Tom Allison oversees all amateur scouting for the Arizona Diamondbacks organization. People familiar with Moneyball probably have a notion of an obsessively controlling general manager who calls most of the shots during the amateur draft. That isn't the case with general manager Josh Byrnes and the Arizona Diamondbacks, even though Josh's youth often engenders comparisons to Bill Beane and Theo Epstein, the most famous of the Moneyball-style GMs.
"People don't know Josh," said Allison while denouncing this misconception. "We lean on each other," he explained, adding that while Byrnes is very involved in all aspects of the organization, he has no qualms about delegating responsibility.
Thus Allison is the man to talk to with regards to the upcoming amateur draft. Last year was his first as the man fully in charge of a draft. He spent the 2000-2006 seasons as a scouting cross-checker for the Milwaukee Brewers. For the 10 years prior, Allison served in various capacities for the New York Mets organization, including Area Scouting Supervisor (1996-1999), Assistant Scouting Director (1995-1996), and as a player and coach in the minor league system from 1990-1994.
I caught up with Allison last week as he was driving to Atlanta to see an undisclosed high school pitcher. The Chicago White Sox, who pick before the Diamondbacks do this year, also had their scouting director on hand for that game.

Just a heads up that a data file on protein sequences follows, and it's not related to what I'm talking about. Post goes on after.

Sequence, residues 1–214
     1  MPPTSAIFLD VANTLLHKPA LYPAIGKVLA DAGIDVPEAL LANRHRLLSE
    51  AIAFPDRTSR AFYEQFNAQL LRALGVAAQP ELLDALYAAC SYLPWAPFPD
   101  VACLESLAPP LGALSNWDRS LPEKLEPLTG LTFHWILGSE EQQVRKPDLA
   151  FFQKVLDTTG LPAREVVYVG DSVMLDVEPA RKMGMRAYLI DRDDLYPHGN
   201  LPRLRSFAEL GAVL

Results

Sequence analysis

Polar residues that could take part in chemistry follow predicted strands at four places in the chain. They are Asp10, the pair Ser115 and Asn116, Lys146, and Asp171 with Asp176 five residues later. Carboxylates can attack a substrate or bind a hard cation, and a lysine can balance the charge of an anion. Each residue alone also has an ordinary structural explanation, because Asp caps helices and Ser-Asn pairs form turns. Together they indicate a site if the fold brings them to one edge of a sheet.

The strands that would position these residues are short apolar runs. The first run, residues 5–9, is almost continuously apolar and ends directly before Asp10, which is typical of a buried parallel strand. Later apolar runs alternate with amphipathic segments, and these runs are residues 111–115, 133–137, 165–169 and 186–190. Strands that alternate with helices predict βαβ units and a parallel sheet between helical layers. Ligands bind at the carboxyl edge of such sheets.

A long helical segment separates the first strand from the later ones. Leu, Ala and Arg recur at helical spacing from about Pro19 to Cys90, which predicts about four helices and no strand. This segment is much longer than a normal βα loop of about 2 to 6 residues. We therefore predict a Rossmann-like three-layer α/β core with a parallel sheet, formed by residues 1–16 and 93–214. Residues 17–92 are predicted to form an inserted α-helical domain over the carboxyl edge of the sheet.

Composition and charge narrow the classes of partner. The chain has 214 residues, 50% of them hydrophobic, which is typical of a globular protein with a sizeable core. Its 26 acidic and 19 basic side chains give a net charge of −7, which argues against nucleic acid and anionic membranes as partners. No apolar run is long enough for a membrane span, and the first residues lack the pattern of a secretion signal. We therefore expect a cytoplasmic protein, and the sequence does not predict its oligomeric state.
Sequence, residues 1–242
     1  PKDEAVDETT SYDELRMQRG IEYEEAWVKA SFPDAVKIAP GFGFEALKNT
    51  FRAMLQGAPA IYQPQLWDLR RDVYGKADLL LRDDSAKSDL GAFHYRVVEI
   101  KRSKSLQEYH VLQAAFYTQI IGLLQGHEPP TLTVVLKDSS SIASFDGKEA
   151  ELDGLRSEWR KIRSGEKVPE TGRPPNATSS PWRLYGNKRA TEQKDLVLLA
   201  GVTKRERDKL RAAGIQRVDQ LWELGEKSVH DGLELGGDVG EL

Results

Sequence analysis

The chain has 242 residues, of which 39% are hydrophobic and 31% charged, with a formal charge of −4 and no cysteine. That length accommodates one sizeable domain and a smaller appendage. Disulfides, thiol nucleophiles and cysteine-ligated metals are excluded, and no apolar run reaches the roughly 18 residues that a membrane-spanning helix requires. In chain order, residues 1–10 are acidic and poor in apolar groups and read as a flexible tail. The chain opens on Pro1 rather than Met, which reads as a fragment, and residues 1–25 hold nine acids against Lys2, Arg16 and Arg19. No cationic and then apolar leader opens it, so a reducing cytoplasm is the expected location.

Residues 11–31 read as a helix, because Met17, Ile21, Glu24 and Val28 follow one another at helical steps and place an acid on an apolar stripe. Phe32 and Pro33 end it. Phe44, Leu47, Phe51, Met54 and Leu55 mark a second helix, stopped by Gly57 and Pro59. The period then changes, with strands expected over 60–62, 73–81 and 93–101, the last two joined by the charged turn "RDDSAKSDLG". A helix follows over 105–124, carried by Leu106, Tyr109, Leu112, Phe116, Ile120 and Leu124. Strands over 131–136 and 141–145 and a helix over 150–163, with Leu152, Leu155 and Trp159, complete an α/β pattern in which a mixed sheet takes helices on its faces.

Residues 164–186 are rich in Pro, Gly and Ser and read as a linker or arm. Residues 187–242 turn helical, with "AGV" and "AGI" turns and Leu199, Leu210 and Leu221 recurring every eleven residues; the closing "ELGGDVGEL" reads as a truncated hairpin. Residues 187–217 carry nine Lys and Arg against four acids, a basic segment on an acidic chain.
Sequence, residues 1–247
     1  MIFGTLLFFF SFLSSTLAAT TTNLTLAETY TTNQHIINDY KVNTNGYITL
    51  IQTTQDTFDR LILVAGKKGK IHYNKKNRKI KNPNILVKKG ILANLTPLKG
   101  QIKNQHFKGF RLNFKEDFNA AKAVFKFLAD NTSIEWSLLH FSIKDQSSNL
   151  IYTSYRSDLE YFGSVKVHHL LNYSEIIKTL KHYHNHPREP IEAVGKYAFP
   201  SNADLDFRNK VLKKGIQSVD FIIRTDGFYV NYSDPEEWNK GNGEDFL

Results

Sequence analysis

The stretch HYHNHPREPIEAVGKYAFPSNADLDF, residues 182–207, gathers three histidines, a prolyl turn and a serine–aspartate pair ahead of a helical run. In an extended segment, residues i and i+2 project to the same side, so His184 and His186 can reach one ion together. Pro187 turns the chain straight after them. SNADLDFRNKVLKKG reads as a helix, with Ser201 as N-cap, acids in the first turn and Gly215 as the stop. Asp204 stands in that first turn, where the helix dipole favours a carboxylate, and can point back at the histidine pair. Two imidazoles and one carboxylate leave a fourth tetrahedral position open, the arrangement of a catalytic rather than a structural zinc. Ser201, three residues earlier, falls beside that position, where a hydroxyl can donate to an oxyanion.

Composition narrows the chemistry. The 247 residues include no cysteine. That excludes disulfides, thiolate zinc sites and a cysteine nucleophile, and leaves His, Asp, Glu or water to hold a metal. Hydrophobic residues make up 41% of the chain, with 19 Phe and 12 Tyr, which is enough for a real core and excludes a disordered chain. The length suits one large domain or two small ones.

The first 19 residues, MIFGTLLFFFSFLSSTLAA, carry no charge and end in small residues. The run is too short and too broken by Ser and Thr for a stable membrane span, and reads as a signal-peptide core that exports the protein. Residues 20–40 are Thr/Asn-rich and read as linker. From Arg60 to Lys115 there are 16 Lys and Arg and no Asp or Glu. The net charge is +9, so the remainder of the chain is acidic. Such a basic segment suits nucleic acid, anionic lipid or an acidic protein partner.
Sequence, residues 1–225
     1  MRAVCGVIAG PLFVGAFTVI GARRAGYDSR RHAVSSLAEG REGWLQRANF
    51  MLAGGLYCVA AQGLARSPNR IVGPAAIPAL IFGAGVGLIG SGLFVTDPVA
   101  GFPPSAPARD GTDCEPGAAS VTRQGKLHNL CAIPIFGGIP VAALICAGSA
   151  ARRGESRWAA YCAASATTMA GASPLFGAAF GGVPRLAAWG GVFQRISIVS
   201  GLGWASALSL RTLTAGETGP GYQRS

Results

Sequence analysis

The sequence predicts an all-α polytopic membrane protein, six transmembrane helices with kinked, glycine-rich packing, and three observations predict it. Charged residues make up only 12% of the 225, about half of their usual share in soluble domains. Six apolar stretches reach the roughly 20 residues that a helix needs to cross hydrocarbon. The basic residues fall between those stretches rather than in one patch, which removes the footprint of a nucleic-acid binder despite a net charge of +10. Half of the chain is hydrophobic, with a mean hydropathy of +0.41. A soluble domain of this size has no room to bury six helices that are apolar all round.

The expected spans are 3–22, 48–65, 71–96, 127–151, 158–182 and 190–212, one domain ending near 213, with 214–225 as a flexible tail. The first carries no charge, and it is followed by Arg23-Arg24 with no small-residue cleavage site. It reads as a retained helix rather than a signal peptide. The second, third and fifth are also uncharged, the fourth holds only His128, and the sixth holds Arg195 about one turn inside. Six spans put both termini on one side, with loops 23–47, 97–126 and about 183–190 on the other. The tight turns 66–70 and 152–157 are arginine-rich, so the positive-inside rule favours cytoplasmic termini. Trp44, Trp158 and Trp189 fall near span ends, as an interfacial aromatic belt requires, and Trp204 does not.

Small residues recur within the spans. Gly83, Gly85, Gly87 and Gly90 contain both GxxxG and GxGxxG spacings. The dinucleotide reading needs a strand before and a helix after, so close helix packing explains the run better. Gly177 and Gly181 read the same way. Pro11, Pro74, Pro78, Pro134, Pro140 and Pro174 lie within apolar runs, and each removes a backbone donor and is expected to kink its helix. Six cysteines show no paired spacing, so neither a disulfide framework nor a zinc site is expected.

In part one of our interview, Allison discusses how the altered college schedule has affected his scouting schedule this year, the strengths and weaknesses of the 2008 draft class, how the organization views fresh amateur pitchers versus those that have logged many innings, the dichotomy between quick movers and raw talents with high ceilings, and the players from the 2007 draft that have particularly impressed him thus far in their pro careers. (9:37)
In part two, Allison talks about how he weighs a player's statistics versus the input from his scouts, how Josh Byrnes is willing to delegate responsibility, how the 2007 draft was a learning experience for him, and whether the Diamondbacks' organizational philosophy differs from what the Mets and Brewers emphasized. (7:38)
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